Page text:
A couple of characters cross the color line in differing ways in Ted V. Mikels’ THE BLACK KLANSMAN, a revenge thriller with a racial twist now on DVD from Code Red Releasing.
The Civil Rights Act has been passed and there are riots all over the country. Jerry Ellsworth (Richard Gilden) is a light-skinned black jazz musician living in Los Angeles with white singer girlfriend Andrea (Rima Kutner). When his young daughter is killed in a church bombing by the Klan, Jerry runs out on Andrea and realizes that since he can pass for white, he can pose as a white man (with a hairpiece) to infiltrate the klan in his hometown by posing as California contractor John Ashley (not the FRANKENSTEIN’S DAUGHTER actor) who wants to found a chapter in Los Angeles. He is taken under the wing of real estate agent Rook (Harry Lovejoy, THE NAKED VENUS) and becomes an initiate (while seducing Rook’s flirty daughter). Farley (Jakie Deslonde), whose younger brother was lynched for patronizing a white café, has brought in Harlem gangster Raymond (Max Julien, THE MACK himself) and his bald heavy to teach the black locals how to deal with the klan. When Andrea shows up in town looking for Jerry, she is put in danger not only from Raymond (who uses her as a decoy for one of the attacks on the klan members), but also from the Klan who do not take kindly to a white woman hanging around the shanty side of town (much less, sharing a hotel room with one of Jerry’s musician friends who tagged along to keep her safe).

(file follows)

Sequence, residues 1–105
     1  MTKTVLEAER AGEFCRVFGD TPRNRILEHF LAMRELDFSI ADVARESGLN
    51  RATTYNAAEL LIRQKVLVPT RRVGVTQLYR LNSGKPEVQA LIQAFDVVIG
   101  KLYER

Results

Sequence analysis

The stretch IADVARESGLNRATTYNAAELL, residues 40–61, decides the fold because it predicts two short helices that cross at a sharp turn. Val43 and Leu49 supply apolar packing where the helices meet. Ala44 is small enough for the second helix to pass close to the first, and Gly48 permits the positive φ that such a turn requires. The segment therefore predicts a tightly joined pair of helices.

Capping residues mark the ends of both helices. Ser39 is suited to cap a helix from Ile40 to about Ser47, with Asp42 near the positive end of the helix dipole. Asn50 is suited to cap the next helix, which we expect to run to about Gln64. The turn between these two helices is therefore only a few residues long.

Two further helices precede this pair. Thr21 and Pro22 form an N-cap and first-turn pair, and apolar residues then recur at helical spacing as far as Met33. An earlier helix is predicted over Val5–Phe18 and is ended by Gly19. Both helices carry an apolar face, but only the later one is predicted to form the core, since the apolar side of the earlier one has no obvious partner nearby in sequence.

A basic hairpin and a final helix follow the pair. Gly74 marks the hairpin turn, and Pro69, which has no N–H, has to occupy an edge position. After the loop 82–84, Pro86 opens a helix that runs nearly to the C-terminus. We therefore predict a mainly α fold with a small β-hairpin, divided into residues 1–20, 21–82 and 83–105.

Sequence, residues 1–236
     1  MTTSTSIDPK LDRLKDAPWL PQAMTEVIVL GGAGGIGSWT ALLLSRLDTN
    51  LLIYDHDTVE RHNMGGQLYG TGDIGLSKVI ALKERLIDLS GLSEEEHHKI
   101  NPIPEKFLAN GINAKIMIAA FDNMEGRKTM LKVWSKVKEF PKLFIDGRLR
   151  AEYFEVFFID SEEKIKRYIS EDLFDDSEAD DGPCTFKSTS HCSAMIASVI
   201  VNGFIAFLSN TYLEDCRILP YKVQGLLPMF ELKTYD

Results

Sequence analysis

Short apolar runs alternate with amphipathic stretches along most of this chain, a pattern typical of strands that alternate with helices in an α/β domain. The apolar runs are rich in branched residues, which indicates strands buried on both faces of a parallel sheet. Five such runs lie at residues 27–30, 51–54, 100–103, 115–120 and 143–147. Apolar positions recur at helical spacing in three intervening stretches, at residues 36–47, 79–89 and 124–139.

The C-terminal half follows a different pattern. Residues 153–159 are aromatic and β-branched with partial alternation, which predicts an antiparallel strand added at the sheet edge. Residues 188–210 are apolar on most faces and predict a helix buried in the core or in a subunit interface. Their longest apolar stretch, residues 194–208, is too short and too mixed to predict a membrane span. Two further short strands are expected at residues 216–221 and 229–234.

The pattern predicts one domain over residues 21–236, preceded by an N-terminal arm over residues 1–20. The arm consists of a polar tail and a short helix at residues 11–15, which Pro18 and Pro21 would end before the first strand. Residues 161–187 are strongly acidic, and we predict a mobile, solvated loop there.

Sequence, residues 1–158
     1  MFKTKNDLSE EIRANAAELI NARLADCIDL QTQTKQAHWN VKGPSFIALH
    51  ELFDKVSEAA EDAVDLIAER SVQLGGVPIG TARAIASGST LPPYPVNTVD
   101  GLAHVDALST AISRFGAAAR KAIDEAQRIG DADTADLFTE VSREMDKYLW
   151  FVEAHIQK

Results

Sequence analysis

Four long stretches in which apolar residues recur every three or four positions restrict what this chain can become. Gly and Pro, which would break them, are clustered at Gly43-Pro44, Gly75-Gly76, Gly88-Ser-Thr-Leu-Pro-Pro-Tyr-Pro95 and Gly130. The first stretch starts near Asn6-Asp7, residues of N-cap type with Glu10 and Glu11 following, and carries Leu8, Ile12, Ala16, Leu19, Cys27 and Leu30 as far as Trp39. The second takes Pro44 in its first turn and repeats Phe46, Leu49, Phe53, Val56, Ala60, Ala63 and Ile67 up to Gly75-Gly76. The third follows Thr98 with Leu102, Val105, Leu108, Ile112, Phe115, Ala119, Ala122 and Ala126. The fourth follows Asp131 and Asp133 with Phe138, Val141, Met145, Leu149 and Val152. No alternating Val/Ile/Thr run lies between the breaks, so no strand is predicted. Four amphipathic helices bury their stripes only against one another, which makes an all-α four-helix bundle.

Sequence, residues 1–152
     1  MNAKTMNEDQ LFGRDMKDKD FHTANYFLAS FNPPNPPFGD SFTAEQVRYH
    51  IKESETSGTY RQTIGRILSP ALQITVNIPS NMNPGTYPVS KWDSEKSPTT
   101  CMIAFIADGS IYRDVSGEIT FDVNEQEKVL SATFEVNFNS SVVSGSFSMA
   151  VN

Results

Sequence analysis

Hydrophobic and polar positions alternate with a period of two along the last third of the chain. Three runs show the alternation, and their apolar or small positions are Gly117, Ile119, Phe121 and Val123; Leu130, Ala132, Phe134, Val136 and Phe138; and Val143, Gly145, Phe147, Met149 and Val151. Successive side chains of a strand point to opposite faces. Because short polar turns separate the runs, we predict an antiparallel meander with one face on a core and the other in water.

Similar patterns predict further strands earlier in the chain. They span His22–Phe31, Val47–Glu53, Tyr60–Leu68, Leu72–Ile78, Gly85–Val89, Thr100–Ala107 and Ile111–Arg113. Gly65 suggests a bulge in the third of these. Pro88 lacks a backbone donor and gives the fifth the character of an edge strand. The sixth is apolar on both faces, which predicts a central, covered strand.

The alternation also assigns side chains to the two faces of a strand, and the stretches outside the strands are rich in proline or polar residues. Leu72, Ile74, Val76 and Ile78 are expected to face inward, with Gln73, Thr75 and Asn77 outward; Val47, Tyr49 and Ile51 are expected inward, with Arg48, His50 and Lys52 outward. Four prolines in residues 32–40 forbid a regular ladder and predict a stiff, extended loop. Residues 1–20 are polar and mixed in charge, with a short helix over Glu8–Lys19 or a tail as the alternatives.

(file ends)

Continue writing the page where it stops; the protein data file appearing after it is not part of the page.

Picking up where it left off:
Shot on judiciously-chosen Southern California locations representing the south, THE BLACK KLANSMAN means to mean well (despite the I CROSSED THE COLOR LINE posters suggesting that the “crossing” is being done by Andrea – although in that sense, it could just as easily apply to Rook’s daughter, although the apple didn’t fall that far from the tree with that Southern Belle – rather than Jerry’s “passing for white”), but its still silly enough for Mikels fans. Screenwriters Art Names and James T. Wilson were two academic friends of Mikels who had also scripted his THE GIRL IN GOLD BOOTS (Names also directed SNAKES, which was co-written with Wilson). One shortcoming of the script is unevenly balancing the Jerry and Farley storylines. Jerry disappears from most of the film’s middle, which is where gangster Raymond comes in (as does Andrea). The storylines do eventually converge, but we’re given little of Jerry’s conflict with having to maintain his cover while going through the various Klan initiations (one of the best scenes in the film shows an amiable exchange between “white” Jerry and a black hotel porter turn tense when Jerry asks where he can find Rook). Several characters introduced early on seem to be important but disappear from the remainder of the film (Farley’s mother, Jerry’s mother, Rook’s daughter) and the ending wraps up everything very quickly.
Gilden gives a good performance (only derailed in a few places by the script’s melodramatics); his “it is I” reveal at the end is as unintentionally hilarious as his realization early on that he can pass for white (his hairpiece gets a special credit during the opening titles). Kutner was brought onto the production by Solomon and appears to have not had any other film roles, but she is good here. Julien gives what could be described either as a scene-chewing performance or, more charitably, a “theatrical” performance; either way, it is very entertaining and appropriate to his gangster character. It also livens up the middle of the film which had started to slow to a crawl before his entrance. Gilden mentions in the interview, that Julien did bring a lot of little mannerisms and touches to the performance. Lovejoy makes an especially good pompous and eventually sniveling Klan leader. Many of the black supporting actors were not professionals; while they are a little stiff, they don’t detract from the drama (Deslonde’s Farley would have been just as interesting a main character, although it would have been would be a very different film). Make-up artist Bryd Holland and future exploitation actor Gary Kent have small roles.